At a Cal State San Bernardino virtual youth-centered webinar on the importance of voting, California Secretary of State Alex Padilla urged CSUSB students, faculty, staff, alumni and community members to vote in the upcoming November election to make sure their voices are heard.
“I think it can all be summed up as having listened to my high school government teacher, ‘Our democracy works best when its many eligible people participate,’” said Padilla, who was the webinar keynote speaker. “But that hasn’t always been the case in practice throughout our nation’s history including California.”
The webinar “Mi Voto, Mi Voz, Mi Vida” (“My Vote, My Voice, My Life”) on Oct. 15 featured educational speakers and videos addressing topics that included: Why our voices matter; Registration, How/Where/When to cast your ballot; The different types of elections; and when they occur. A question-and answer session followed the videos and presentations.
The event was sponsored by the CSUSB Association of Latino Faculty, Staff and Students (ALFSS), Latino Education and Advocacy Days project (LEAD), Associated Students Inc., the Office of Community Engagement, Mi Familia Vota, NALEO, Ballot Bowl, San Bernardino County Registrar of Voters, and the Chicano Latino Caucus of San Bernardino.
Enrique Murillo, a CSUSB professor of education and the founder/director of LEAD, said it was important for all people, especially indigenous people, to participate in the political system and vote.
“Hence, our event today is a citizenry that is poised to participate and shape the U.S. political landscape through voting and civic engagement,” Murillo said.
CSUSB President Tomás D. Morales urged the viewers as well as CSUSB students, faculty and staff to register to vote, find out about the candidates and issues, and vote.
“Everyone here who is eligible but who has not yet registered to vote, I urge you to do so today,” Morales said. “Unidos, together, with our voices and our ballots, we will Define The Future.”
Padilla said his goal as California Secretary of State was to ensure all eligible registered voters had the opportunity to vote.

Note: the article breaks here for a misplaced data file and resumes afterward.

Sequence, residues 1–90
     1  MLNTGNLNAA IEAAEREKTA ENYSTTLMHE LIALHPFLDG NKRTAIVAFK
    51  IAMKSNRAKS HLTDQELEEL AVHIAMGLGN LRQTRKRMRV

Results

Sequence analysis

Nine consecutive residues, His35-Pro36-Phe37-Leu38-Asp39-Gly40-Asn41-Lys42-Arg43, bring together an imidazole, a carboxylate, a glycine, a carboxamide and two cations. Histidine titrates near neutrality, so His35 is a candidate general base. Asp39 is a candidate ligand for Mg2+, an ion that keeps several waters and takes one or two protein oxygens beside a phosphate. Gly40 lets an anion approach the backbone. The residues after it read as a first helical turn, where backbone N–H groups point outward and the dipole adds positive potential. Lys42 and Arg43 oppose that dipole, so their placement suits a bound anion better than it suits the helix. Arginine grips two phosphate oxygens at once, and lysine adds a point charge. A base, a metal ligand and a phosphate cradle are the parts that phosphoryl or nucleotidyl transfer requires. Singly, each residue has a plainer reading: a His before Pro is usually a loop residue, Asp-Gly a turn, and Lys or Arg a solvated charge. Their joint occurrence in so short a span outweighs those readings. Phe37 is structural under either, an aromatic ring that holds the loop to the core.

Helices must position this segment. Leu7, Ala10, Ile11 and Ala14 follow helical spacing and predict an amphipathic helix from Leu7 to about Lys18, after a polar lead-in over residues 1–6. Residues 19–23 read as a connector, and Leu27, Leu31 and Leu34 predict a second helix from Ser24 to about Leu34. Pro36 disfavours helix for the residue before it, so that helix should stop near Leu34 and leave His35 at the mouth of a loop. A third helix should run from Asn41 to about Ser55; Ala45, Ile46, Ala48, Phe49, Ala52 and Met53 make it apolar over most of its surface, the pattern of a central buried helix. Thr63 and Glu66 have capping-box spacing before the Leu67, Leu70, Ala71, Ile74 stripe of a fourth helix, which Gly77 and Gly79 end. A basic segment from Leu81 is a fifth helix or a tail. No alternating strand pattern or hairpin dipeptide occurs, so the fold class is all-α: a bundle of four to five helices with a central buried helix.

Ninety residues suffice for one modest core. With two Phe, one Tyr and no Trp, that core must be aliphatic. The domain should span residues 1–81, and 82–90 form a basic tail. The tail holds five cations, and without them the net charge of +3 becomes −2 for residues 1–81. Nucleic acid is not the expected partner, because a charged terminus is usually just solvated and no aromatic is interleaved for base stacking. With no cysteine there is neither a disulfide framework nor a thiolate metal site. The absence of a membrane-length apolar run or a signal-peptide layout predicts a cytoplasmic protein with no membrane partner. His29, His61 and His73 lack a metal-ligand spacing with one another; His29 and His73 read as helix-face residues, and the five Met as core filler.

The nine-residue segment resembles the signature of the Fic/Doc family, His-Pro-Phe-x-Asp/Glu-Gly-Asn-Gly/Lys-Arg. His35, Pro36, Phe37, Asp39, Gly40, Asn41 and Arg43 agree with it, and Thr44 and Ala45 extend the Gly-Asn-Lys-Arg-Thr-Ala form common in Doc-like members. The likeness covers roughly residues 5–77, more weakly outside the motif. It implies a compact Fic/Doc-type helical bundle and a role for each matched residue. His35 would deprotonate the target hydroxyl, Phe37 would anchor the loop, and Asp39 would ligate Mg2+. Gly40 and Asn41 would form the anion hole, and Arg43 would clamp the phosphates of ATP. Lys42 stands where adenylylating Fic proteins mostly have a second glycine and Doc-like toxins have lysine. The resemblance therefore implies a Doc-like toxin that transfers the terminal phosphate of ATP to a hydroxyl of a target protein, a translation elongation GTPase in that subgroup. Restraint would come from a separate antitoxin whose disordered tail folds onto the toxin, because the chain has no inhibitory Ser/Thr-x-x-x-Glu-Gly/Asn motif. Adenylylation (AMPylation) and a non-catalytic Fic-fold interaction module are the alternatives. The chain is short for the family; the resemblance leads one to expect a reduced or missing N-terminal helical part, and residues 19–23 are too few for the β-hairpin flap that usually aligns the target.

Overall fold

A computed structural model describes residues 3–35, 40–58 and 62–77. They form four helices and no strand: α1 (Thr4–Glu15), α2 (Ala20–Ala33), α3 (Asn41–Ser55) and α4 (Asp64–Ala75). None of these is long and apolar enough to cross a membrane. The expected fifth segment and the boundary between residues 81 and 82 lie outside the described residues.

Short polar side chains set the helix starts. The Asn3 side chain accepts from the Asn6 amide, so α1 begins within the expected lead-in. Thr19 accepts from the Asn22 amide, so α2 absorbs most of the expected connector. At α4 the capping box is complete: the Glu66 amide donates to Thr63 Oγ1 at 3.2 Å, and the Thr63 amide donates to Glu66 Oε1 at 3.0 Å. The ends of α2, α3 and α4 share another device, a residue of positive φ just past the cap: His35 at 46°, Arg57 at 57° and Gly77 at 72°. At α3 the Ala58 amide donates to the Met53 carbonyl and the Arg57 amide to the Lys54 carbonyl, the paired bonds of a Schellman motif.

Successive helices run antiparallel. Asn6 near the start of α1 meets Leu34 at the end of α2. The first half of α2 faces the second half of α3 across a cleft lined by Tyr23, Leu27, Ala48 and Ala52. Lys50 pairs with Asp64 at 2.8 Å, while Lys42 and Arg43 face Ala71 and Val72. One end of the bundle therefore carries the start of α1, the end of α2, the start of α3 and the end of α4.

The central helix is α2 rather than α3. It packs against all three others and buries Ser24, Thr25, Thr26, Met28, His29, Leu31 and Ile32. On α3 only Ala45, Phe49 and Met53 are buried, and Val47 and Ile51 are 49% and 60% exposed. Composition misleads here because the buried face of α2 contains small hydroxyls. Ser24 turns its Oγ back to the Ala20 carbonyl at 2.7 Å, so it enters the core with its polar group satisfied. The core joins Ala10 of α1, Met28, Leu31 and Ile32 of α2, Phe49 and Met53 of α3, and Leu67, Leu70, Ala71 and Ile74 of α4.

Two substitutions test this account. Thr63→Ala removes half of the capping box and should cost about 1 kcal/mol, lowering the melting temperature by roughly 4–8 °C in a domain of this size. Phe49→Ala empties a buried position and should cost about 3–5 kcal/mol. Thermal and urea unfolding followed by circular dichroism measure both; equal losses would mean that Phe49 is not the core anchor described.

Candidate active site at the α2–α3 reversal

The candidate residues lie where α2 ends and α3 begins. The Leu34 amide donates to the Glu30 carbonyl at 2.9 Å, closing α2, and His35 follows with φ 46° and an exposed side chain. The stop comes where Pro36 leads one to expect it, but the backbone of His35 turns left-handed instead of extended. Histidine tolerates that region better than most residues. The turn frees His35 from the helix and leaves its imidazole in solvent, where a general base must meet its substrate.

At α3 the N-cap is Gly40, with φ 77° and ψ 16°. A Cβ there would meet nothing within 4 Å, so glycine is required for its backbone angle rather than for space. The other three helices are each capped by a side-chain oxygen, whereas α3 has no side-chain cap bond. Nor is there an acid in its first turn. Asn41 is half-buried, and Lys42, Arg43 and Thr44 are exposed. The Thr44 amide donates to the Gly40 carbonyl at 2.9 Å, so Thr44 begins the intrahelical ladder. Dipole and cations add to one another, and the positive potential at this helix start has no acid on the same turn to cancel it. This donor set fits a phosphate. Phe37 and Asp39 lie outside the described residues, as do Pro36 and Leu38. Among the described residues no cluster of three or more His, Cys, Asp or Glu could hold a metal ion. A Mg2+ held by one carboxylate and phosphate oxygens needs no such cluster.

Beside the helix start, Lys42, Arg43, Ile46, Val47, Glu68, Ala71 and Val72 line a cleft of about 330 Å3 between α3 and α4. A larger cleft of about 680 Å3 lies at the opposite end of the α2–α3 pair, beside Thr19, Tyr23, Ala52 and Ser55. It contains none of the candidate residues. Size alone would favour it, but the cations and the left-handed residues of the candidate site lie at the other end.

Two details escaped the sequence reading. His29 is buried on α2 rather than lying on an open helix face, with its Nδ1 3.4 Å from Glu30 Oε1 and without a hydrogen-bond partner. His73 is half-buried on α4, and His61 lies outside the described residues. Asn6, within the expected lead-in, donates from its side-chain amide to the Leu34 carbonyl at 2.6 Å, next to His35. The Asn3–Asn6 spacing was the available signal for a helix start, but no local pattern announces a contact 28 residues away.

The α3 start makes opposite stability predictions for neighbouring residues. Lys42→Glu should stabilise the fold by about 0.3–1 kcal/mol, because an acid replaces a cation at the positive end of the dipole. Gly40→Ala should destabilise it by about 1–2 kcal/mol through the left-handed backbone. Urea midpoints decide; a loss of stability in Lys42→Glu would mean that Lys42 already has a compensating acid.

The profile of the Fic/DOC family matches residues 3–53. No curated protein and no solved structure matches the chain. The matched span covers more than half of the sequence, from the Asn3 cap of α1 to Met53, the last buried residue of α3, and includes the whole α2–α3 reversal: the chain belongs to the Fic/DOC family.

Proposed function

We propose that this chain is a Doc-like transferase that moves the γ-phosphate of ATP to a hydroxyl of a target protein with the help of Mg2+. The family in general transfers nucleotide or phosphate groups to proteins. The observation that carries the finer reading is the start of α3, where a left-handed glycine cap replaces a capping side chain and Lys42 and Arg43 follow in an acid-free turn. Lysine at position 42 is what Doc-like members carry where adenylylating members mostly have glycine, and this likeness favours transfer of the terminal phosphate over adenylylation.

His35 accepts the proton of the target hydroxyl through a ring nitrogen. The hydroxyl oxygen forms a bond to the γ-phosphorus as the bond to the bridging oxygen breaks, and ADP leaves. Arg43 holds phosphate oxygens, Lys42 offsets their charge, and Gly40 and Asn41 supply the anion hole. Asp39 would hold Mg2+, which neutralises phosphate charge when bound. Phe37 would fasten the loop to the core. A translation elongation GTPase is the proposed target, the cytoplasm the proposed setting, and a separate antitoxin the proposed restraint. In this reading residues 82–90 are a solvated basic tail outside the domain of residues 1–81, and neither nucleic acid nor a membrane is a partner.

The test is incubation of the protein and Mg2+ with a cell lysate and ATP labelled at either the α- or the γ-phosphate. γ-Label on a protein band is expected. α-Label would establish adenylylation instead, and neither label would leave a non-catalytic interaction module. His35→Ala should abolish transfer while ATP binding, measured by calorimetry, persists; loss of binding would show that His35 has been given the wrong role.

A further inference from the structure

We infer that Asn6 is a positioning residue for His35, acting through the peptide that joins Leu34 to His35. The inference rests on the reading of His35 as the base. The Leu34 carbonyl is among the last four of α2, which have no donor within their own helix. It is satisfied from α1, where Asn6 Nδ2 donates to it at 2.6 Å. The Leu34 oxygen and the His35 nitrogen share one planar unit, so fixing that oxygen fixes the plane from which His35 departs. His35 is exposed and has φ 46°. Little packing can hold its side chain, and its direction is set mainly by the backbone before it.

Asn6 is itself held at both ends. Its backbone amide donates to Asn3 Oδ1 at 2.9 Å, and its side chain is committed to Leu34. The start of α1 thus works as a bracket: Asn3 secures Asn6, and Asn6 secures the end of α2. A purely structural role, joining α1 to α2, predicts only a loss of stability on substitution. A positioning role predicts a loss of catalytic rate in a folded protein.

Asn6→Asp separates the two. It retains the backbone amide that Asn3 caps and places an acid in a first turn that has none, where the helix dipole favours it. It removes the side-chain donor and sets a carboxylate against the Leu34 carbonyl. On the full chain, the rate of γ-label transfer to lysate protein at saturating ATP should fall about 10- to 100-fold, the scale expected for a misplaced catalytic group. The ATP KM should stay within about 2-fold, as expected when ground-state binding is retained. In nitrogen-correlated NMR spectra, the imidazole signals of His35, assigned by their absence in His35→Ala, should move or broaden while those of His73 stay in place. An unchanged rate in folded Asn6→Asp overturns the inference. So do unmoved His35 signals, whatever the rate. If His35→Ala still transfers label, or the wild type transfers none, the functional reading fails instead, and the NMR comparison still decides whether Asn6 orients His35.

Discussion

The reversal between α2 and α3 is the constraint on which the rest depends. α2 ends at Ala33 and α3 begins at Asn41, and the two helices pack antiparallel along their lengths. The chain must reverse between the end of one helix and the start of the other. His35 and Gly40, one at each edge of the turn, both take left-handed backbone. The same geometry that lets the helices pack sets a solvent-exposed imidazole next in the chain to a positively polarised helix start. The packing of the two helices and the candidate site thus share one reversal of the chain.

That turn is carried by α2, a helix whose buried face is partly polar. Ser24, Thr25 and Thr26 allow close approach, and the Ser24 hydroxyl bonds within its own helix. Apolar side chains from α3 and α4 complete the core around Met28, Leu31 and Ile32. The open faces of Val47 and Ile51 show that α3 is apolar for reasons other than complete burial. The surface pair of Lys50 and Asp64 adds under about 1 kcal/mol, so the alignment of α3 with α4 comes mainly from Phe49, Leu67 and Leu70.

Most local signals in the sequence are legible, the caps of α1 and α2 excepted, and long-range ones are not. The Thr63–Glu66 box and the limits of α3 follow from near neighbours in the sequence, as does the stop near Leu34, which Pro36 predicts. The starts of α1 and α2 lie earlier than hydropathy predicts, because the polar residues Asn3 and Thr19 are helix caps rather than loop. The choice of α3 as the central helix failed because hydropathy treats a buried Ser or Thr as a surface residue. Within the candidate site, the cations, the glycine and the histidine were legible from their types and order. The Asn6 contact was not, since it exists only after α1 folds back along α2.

“Over the last nearly six years, we’ve championed policies like online voter registration, automatic voter registration, more options on how people can cast their ballots,” said Padilla, who added that voter registration is at an all-time high and he is expecting a tremendous turnout for the November 3 election.
“We have increased registration by millions; you heard 2018 was the largest turnout in a gubernatorial election since 1982. We had a record primary this year,” Padilla said. “Registration continues to climb; we had more ballots cast in the March primary than any primary election in California history.”
But he said what should be considered are the people behind the registration numbers.
“Who is it that has been historically disproportionately eligible, but not registered to vote? Who is that has been disproportionately registered to vote, but has been only an occasional voter, not a very consistent voter participating in every election?” Padilla asked. “We know it intuitively but the research tells us it is disproportionately young people, it is disproportionately working families and is disproportionately communities of color, especially Latinos here in the state of California.”
Padilla said that was one of his reasons for working to increase the number of registered voters.
“When you increase turnout, we know that the electorate is better representing the people and by extension, the representatives that are elected to all levels of government, federal, state and local, and the important policy issues that are decided at the ballot better reflect the people and the will of the people,” Padilla said. “So that’s why I do what I do and so passionate about it.”
Padilla said while every active registered voter in the state is receiving a vote-by-mail ballot to be able to vote from home, there are still opportunities to vote in person for voters who need to, whether it’s for accessibility issues, language assistance or even to participate in same day registration.
He said counties in the state will provide several locations over the course of several days and not just on Tuesday, Nov. 3. But safety precautions will be in effect due to the COVID-19 pandemic.
Padilla said in-person voters should bring face masks as the voting sites will be implementing physical distancing and other public health measures, including hand sanitizer for everybody and masks for those who need them.
“Don’t worry when you see the poll workers wearing masks, face shields, gloves that sort of thing. They’re doing all that to make sure to keep themselves and the voters safe,” Padilla said. “And yes, we’re cleaning all the voting equipment before and after every person who uses it.”
He also urged the viewers to visit the vote.ca.gov website, where all the voter information, tools and resources are available, including the link to Where’s My Ballot, the ballot tracking program available to all voters in the state that allows them to receive automatic notifications by email, text or phone call on the status of their ballot through the delivery process, from when it has been sent out, to when it has been returned, to when it has been received and when it has been counted.
“It’s great for transparency, great for accountability and great for peace of mind because vote by mail is safe and secure despite what you hear from other sources,” Padilla said. “In California proudly, we’re not going to make people choose between exercising their right to vote and protecting their health and that of their loved ones.”
To watch the “Mi Voto, Mi Voz, Mi Vida” webinar, visit the ALFSS – Association of Latino Faculty Staff and Students Facebook page.